In a 32-17 vote, the Senate shot down a ruling by Speaker Leo Housakos that would prevent the government from shutting down debate on Bill C-377.
The appeal was brought by Claude Carignan, government leader in the Senate.
He was backed all Conservative senators except Diane Bellemare, who voted with the Liberals and Speaker, and five others who abstained.
The stage is now set for the Senate to shut down debate on Bill C-377, which had been going on for days as Liberal senators conducted a filibuster they said they were prepared to continue, if necessary, until Parliament is dissolved for this fall's election, thereby killing the legislation.
That means the Conservatives could now force a vote and pass C-377 with their majority, in spite of opposition from Liberal senators — and from seven provinces — who feel the bill is unconstitutional.
Bill C-377 would require unions and labour organizations to publicly disclose the details of their spending, including how much goes to political activities.
"This is extraordinary," James Cowan, Liberal leader in the Senate, said to media in its foyer shortly before the vote.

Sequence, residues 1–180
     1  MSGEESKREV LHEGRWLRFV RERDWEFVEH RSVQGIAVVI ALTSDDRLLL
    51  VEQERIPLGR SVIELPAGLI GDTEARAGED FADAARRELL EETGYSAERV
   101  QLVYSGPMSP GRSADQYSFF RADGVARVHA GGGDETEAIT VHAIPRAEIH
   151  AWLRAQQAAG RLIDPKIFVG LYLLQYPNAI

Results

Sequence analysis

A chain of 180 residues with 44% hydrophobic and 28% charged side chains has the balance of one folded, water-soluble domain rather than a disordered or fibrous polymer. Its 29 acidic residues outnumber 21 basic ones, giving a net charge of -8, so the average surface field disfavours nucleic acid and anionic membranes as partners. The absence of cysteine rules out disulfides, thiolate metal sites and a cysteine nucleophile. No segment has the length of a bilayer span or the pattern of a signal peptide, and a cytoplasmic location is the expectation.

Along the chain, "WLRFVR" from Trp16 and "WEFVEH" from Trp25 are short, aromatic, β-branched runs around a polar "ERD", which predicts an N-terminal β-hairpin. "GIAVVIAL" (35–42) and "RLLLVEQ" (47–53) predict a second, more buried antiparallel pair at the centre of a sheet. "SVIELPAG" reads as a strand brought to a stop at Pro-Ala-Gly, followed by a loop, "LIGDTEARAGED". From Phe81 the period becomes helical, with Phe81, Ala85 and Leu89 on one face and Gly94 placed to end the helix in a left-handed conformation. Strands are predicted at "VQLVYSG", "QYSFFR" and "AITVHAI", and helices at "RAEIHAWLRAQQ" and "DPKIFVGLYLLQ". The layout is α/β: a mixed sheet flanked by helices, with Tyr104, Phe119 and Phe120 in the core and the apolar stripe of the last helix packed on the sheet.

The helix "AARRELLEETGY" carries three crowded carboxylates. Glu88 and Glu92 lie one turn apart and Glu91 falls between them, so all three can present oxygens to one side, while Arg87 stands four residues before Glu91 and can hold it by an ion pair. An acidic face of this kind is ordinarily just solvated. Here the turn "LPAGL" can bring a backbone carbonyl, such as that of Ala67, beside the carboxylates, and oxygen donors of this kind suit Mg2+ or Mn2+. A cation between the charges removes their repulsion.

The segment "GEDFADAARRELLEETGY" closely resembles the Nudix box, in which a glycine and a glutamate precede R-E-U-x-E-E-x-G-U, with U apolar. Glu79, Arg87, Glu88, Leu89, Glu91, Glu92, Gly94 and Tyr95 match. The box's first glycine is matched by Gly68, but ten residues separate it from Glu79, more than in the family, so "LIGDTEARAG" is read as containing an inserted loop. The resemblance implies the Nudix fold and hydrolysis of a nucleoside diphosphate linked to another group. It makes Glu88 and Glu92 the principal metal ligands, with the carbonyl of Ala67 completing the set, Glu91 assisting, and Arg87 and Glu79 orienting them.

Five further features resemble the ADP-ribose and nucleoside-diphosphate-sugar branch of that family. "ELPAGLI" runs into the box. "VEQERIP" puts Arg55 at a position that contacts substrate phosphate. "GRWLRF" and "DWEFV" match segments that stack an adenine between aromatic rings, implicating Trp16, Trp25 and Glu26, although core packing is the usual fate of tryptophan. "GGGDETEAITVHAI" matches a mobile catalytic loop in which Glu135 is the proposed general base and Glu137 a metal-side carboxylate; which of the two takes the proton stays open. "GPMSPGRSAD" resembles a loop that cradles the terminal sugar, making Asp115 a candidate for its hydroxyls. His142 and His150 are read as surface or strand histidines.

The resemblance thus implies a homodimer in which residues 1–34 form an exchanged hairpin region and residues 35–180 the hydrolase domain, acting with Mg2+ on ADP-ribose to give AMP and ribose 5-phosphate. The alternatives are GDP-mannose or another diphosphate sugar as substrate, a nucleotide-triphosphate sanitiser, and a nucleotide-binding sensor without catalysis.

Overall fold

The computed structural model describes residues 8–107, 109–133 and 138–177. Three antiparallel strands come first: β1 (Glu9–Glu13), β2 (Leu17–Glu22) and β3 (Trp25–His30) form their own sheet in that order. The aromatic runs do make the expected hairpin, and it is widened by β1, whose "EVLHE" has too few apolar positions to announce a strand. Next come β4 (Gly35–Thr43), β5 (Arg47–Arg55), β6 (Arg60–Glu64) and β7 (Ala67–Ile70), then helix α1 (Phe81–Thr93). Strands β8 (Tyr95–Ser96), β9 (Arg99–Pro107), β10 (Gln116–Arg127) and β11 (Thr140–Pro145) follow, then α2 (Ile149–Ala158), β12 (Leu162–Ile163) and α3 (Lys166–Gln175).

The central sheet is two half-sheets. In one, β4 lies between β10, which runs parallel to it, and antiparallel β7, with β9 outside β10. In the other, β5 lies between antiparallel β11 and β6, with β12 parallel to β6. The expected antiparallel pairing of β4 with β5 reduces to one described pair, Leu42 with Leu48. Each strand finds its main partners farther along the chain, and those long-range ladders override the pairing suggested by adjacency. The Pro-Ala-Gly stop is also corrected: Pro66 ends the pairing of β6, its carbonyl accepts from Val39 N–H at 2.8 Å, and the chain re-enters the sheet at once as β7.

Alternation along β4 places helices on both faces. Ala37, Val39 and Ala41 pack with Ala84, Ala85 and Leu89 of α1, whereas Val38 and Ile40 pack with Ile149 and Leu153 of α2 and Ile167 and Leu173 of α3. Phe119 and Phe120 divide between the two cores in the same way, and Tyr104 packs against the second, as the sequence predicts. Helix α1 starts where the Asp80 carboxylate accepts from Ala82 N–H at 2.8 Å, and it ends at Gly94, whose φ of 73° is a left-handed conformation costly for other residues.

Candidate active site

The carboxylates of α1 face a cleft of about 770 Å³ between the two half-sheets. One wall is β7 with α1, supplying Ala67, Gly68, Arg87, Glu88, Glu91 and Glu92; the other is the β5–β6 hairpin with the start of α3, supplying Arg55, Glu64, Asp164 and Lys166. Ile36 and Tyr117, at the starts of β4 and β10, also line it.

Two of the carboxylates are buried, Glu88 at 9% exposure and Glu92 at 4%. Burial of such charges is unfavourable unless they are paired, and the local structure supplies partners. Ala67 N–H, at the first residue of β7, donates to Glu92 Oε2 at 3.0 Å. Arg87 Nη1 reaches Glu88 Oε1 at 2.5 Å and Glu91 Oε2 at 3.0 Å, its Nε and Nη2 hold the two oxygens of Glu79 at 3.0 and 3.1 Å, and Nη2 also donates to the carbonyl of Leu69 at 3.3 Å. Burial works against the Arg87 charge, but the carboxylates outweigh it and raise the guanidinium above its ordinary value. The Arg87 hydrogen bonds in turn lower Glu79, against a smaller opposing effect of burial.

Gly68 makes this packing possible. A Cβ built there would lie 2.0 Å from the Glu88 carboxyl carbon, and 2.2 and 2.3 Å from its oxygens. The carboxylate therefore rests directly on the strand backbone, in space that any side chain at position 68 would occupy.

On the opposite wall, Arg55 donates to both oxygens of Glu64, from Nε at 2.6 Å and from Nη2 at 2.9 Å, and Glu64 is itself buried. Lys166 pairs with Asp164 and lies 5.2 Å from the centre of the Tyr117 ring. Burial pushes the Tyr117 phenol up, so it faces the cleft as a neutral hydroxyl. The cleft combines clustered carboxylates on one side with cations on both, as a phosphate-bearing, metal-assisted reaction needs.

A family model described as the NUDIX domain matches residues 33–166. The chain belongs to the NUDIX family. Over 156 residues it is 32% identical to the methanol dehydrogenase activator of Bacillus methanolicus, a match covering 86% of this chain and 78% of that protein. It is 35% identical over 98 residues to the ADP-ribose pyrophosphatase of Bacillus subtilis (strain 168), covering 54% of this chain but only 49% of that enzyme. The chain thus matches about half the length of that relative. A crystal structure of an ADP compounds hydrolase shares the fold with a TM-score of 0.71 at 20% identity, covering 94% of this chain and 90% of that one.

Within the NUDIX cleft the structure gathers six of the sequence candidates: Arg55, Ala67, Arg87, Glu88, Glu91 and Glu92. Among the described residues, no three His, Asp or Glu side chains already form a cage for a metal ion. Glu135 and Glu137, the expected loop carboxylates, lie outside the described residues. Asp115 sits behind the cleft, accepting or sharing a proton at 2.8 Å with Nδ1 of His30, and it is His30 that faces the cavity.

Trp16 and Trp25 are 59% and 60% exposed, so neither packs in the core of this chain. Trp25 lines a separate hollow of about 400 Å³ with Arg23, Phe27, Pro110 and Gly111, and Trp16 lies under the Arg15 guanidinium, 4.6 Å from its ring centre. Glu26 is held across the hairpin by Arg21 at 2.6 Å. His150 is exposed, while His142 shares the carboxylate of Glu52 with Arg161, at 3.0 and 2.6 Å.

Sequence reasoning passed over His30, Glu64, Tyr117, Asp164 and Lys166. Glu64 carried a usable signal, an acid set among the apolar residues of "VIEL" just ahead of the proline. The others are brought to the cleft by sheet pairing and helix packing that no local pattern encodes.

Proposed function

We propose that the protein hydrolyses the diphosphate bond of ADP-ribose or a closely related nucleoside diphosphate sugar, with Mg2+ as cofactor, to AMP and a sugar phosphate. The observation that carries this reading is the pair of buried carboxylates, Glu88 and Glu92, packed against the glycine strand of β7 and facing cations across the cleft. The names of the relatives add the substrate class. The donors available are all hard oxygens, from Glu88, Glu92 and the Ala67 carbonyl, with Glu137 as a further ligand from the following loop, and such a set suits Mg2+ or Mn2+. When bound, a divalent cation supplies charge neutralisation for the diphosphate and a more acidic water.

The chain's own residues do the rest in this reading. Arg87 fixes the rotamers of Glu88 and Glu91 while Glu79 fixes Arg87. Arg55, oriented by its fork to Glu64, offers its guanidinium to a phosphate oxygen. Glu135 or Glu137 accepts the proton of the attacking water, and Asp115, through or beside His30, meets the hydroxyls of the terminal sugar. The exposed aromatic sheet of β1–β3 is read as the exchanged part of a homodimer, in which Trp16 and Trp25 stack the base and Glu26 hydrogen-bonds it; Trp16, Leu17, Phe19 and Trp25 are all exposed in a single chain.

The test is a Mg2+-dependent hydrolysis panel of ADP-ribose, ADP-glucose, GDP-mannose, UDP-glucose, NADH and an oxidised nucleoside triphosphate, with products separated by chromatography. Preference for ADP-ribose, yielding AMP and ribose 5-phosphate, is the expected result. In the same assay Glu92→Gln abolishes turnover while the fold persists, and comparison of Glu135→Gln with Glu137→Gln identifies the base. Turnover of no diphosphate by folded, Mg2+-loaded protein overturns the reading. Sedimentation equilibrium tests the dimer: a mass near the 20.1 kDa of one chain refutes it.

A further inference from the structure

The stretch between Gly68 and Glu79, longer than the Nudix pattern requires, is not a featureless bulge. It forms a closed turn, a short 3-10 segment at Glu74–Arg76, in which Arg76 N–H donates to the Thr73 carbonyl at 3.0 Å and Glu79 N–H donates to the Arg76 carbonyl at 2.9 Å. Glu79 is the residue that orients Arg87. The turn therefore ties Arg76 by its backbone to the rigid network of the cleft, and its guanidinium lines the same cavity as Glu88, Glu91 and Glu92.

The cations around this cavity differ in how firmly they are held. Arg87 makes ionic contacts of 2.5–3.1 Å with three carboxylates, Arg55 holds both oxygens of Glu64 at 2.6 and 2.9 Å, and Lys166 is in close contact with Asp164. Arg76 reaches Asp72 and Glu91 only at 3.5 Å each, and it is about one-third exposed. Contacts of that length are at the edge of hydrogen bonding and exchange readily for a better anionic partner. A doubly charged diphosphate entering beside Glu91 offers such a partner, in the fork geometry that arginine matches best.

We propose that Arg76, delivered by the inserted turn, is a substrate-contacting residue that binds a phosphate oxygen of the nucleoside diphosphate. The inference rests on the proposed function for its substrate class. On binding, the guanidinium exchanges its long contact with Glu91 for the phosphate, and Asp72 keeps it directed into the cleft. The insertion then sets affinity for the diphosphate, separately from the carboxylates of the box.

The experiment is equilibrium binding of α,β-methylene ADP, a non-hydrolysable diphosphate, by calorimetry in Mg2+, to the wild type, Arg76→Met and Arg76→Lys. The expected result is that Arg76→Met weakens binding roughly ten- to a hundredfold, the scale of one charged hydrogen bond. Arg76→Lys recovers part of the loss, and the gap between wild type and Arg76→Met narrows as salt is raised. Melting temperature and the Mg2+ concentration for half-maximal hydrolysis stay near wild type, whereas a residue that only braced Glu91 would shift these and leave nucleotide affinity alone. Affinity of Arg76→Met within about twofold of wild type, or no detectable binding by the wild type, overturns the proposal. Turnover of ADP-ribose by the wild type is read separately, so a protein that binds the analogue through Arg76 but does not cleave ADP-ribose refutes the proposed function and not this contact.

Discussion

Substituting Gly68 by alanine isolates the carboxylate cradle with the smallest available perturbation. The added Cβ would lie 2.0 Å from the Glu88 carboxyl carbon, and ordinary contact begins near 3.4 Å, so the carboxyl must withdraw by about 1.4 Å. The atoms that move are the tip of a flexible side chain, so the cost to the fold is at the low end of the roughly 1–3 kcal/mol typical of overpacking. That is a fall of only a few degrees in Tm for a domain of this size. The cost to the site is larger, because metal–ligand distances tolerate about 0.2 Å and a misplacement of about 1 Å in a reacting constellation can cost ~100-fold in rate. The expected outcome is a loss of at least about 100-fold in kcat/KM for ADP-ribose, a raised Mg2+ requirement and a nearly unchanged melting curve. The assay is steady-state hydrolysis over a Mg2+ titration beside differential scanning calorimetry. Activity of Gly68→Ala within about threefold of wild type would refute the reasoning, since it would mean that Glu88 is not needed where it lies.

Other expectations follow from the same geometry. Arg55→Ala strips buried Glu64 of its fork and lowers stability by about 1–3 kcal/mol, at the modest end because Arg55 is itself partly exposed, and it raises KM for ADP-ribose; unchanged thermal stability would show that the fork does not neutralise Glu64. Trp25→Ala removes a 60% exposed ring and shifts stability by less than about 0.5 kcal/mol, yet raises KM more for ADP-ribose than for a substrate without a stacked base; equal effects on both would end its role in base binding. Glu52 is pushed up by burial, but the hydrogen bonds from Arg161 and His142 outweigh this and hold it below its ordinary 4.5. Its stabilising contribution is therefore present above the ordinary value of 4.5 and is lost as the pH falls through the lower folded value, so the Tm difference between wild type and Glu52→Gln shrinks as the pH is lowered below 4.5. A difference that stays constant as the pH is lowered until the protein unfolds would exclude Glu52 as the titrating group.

Motion not 'very exceptional'
"Here's a Speaker who's recently appointed by the prime minister and he has done the proper thing in my view. He's followed the precedent of Speaker Kinsella, clearly saying that you cannot mix government and private business, and the government now is seeking to overrule his decision," he said.
"That is almost unprecedented and I think very, very unwise."
On Thursday, the government's deputy leader in the Senate, Yonah Martin, gave notice of a motion to cutting off debate and forcing a final vote on the bill, likely early next week.
However, Senate rules allow the government to limit debate only on government business, not on private member's bills such as the union disclosure bill.
Housakos, ruling against the motion, says that allowing the government to shut down debate on private member's bills like C-377 would violate the basic principles of how the Senate operates.
Seconds after Housakos delivered his ruling, Carignan announced he would appeal to the Senate as a whole.
"For me, it's very clear. It's in the rules. This type of motion [has existed for a] long time and it's not something very exceptional," he said to reporters.
In 2009, Liberal senators — who had the majority — challenged and overturned a ruling by then-Speaker Noel Kinsella.